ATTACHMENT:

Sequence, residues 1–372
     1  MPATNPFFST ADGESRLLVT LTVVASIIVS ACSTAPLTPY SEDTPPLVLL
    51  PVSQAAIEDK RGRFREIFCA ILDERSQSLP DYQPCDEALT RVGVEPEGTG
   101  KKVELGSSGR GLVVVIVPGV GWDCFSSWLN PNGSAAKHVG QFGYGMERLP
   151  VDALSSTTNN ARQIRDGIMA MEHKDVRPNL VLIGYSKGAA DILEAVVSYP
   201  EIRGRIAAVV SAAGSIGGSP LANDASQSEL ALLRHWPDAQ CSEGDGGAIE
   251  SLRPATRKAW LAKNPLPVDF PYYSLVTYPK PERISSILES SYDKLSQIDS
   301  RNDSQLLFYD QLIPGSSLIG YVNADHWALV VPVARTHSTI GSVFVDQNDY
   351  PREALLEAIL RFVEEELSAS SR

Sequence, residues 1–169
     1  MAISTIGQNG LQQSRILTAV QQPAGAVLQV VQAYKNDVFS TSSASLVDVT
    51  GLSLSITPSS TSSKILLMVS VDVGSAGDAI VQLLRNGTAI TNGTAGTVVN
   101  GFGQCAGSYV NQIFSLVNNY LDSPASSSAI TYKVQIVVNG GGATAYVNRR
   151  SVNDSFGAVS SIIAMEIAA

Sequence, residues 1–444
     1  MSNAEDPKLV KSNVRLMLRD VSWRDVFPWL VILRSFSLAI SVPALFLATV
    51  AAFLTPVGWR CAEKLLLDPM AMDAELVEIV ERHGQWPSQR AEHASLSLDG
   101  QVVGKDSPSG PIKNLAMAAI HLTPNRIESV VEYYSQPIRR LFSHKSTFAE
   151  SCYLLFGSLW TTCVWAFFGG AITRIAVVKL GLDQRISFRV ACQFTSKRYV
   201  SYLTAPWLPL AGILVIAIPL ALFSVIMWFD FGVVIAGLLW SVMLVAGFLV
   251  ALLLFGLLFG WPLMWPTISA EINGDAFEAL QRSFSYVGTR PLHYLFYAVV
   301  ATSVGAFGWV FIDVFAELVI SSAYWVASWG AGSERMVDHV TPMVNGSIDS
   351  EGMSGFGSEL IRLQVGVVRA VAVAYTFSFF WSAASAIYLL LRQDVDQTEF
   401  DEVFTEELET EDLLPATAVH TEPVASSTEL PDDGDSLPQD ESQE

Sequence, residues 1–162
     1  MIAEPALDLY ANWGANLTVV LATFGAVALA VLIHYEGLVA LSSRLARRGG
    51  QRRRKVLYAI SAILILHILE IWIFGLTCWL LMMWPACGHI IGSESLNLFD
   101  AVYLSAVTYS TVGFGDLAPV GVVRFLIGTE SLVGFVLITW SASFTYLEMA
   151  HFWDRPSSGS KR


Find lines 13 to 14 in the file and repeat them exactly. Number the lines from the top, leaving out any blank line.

   101  GFGQCAGSYV NQIFSLVNNY LDSPASSSAI TYKVQIVVNG GGATAYVNRR
   151  SVNDSFGAVS SIIAMEIAA